It is three years since the outbreak of COVID-19. Discussions have turned to what the post-pandemic world may look like. Technology is at the forefront. Lost within the debates has been the importance of public space. As the world goes virtual, real-world gathering places will become the hot issue.
The internet will be 40 years old on 1 January 2023. It allows the creation of a virtual world almost unimaginable 50 years ago. The World Wide Web (www.) became available 10-years later. How much harder would the pandemic have been without the web?
The internet has become an extension of everyday life. It allows mass connectivity. People communicate through an array of online mediums. Social media chat has overtaken voice calls as the communication tool of choice for the young. WhatsApp and Signal have relegated the use of email in business. The email itself replaced the printed document, the business mainstay for centuries. 
Business meetings seemed unaffected by the internet. People in business still preferred to meet in person and sit around tables. The pandemic called a halt to these face to face meetings, except in specific circumstances. The rise of Zoom and other video technologies began in earnest. Ways of doing business changed and will not be returning to how it was.
The loss of workplace meetings has caused a widespread disruption within firms. Work meetings are now more likely online than one-to-one. It cuts off a source for meeting new people, social interaction and serendipity. For some working people, it has also reduced personal contact more generally.
These changes are not only taking place in offices. Automatic checkout in supermarkets removes this most mundane of interactions. Maybe not something missed for those with busy lives. For those alone, the shop cashier may be the only human interaction that day. 
The pandemic has sped up the automation of everyday life.
Doctors appointments by video link are becoming a norm. Banks close down branches, forcing people online. Buying insurance, holiday or toothpaste from an algorithm is as likely as a person.
Even in construction, the rise of efficient technologies, such as 3D printing, will reduce the requirements for human teams.
There are fewer reasons to meet in person for a non-social purpose.
Despite global connectivity, there is an increase in isolation and dis-association. Workplace reliance on providing social interaction has diminished. Workers are finding difficulty transitioning to a virtual world. Online activities only please certain aspects of emotional fulfilment. Humans are social creatures, by and large, and demand social contact.
The workplace for the majority will not be returning to how it was pre-pandemic. The impact will go beyond how people work each day. Social interaction at work will become unrecognisable from previous decades. New ways of working are emerging. However, new forms of social contact have not yet materialised.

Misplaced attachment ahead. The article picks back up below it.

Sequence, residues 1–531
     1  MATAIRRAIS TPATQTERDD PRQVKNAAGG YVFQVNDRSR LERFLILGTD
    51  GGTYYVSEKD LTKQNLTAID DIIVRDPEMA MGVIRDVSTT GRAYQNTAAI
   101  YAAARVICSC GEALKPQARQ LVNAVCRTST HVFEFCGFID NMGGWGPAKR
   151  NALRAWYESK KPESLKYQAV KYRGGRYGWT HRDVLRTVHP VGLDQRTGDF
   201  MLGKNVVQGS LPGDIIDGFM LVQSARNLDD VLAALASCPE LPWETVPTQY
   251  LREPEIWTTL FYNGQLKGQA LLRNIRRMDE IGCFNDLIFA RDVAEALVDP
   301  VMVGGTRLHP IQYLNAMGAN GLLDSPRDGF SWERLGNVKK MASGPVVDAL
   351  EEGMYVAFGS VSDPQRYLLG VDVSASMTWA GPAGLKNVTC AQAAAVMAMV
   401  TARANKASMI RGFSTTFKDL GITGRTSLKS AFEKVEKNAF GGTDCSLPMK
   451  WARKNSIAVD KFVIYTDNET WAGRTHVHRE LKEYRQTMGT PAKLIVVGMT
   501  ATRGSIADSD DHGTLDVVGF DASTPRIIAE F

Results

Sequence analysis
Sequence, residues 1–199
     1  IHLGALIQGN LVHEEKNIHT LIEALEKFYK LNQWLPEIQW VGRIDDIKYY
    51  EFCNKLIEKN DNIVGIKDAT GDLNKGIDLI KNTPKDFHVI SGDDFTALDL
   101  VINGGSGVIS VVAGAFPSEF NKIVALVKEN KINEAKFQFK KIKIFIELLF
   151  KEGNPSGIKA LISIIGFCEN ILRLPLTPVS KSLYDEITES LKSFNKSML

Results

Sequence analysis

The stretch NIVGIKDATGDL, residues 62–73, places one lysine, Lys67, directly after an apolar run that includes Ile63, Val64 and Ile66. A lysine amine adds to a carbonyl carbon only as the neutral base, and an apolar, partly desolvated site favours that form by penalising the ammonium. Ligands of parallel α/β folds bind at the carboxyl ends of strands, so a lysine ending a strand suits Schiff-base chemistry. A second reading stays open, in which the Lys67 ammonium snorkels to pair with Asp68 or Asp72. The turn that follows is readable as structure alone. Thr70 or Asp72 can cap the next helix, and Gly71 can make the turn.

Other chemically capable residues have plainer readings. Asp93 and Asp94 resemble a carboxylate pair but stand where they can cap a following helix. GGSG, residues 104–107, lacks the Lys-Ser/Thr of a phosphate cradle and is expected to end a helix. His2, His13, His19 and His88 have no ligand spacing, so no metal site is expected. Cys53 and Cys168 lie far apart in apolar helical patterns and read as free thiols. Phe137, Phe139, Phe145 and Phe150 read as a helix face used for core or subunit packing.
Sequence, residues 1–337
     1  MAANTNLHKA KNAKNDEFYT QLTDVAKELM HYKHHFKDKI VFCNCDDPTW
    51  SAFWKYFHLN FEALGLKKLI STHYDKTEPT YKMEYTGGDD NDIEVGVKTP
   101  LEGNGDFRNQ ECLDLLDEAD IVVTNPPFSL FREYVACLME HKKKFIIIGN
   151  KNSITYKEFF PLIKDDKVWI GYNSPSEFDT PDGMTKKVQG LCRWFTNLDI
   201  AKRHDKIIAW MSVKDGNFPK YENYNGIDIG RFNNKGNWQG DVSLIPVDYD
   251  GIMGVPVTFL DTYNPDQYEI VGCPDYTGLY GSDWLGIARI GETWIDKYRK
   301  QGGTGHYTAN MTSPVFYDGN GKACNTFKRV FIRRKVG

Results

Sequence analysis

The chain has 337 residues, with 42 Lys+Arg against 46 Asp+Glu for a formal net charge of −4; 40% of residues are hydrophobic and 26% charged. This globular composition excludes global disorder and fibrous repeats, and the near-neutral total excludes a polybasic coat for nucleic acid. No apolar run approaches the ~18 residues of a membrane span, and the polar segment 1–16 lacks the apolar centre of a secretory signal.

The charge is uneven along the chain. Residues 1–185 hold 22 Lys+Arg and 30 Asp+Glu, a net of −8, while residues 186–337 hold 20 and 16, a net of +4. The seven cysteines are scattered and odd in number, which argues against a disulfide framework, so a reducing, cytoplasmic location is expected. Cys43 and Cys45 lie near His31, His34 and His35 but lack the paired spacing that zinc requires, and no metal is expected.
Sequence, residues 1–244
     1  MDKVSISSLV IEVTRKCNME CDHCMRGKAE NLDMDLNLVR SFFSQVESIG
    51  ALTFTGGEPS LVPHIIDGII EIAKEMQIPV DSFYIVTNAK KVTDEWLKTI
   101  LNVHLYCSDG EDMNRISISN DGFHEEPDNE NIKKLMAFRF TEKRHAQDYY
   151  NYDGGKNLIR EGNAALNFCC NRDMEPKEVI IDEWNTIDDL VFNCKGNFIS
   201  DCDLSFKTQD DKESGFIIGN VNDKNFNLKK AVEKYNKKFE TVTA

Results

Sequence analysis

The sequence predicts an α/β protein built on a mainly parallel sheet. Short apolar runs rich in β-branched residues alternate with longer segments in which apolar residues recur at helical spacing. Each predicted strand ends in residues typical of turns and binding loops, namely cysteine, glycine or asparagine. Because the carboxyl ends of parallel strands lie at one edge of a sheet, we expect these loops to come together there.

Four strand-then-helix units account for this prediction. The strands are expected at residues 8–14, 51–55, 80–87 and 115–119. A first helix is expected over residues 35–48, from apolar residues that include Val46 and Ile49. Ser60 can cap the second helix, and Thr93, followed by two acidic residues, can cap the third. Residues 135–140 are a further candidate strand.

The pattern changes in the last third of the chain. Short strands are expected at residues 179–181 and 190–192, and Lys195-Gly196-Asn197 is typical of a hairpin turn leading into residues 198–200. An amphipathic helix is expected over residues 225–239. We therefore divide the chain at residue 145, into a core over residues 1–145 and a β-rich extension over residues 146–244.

Public spaces will need to adapt to fill the social void left by virtual working. Some parts will be picked up by the private sector. Work hubs, cafes and a redefined retail sector will fulfil some needs for people who can pay. The rest will require open, free to access public gathering spaces, like the old town square. 
The pandemic has brought into sharp focus the two-tier society existing in England. As financial disparity widens, so does access to the internet and public space.
Without paying for broadband, fast access to knowledge, easily accessible to others, is denied. Only those who can afford monthly contracts have access to unlimited mobile data.
The same is happening in public spaces. Even when public facilities with cafes are accessible, the inability to buy coffee can still create a barrier.
England requires a bridge between commercialised and non-income generating public spaces.
Extremes of English public spaces: Granary Square, London Kings Cross and a public square in Great Yarmouth, Norfolk
In England, it’s the market that has presided over the public sphere through recent generations. The High Street is the most obvious. Privatisation of squares and whole streets is not a new phenomenon in England. The pace of privatisation is the real cause for concern.
Privatised space often comes with restrictions on who can use it. The right of all citizens to assemble regardless of wealth or age has become more restrictive. Public places not reliant on enterprise are often left neglected. The online world is seeing similar barriers. Barriers risk alienating people and furthering polarisation.
Public space has to be redefined in England. Urban design should follow the templates of European neighbours like Spain, where people are the starting point, not commerce.  
With workplace socialisation in decline, a rethinking of public spaces has become essential.
 also see Censorship
 see AI Supermarkets
 see Town Square
 see Eivissa (Ibiza Town Pt.1)